A sales-qualified lead (SQL) is a prospective or potential customer who has been determined to have a higher possibility of becoming a paying customer than the other leads in the sales funnel.
The central perspective to categorize SQLs is to prioritize and pay attention to sales efforts on prospective customers having a higher probability of turning in a paying customer. Sales teams foster to work closely with the marketing team to build the criteria for identifying sales-qualified leads (SQL).
A sales-qualified lead (SQL) is a potential customer who has passed the sales funnel and is deemed the potential customer. An SQL has displayed intent to buy products or services and has met specific requirements that determined them as a good fit.
The criteria for selecting an SQL may vary depending on the organization and its sales strategies. Some aspects considered include market engagement, budget availability, and authority to make purchasing decisions.
Some common steps to qualify a sales lead are:
The key difference between a qualified marketing lead (MQL) and a qualified sales lead (SQL) is that MQL is the leads that show potential interest but require nurturing by the marketing team as they may not be immediately ready to buy the product. While SQL leads that have been qualified by the sales team and are ready and more likely to convert into paying customers.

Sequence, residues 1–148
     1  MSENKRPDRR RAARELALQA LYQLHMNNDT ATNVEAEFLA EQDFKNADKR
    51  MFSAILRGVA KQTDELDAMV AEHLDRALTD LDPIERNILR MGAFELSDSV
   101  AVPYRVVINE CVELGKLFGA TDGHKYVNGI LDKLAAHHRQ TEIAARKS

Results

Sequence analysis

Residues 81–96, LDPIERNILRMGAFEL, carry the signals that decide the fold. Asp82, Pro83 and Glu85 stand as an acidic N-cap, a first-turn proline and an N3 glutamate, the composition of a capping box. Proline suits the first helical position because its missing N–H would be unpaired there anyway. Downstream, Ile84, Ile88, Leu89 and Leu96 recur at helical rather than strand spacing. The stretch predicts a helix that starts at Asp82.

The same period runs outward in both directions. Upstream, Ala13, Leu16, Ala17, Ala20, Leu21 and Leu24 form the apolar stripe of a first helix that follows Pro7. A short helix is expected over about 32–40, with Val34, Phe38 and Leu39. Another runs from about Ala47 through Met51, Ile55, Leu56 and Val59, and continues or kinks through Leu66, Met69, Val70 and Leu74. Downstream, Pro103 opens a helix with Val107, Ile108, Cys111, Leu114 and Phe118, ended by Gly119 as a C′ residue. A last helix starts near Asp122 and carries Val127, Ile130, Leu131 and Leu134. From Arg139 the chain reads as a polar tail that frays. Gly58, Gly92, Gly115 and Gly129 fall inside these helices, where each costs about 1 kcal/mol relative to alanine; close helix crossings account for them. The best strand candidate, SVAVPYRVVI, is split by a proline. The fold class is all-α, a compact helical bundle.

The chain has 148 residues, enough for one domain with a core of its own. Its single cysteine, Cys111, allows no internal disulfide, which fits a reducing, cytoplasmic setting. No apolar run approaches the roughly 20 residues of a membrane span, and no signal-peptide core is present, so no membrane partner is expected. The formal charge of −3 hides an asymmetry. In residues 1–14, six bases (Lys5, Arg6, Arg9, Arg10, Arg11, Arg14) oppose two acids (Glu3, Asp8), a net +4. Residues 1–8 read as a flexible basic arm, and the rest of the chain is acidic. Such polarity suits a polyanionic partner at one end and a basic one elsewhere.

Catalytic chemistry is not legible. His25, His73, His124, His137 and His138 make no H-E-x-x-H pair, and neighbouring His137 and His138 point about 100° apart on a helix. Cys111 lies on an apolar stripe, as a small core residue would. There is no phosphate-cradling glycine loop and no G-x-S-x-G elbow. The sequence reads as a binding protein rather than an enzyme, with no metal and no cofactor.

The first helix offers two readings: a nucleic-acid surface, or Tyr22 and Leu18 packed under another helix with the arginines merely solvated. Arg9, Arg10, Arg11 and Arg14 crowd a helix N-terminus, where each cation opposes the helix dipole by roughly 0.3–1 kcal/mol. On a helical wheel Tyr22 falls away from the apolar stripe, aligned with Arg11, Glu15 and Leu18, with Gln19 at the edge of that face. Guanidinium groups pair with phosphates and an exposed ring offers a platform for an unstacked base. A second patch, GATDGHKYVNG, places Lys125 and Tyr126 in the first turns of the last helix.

Cost per sales qualified lead (CPSQL) is a metric used to measure the cost-effectiveness of marketing and sales efforts in forming qualified leads that are set for sales engagement.
The basic formula to calculate cost per sales qualified lead is:
Cost per sales qualified lead = Total marketing and sales expenses / Number of sales qualified leads
Increasing sales qualified leads requires a strategic approach that largely helps in optimizing lead generation and qualification process. Some effective ways are as follows:
These are short surveys that can be sent frequently to check what your employees think about an issue quickly. The survey comprises fewer questions (not more than 10) to get the information quickly. These can be administered at regular intervals (monthly/weekly/quarterly).
Having periodic, hour-long meetings for an informal chat with every team member is an excellent way to get a true sense of what’s happening with them. Since it is a safe and private conversation, it helps you get better details about an issue.
eNPS (employee Net Promoter score) is one of the simplest yet effective ways to assess your employee's opinion of your company. It includes one intriguing question that gauges loyalty. An example of eNPS questions include: How likely are you to recommend our company to others? Employees respond to the eNPS survey on a scale of 1-10, where 10 denotes they are ‘highly likely’ to recommend the company and 1 signifies they are ‘highly unlikely’ to recommend it.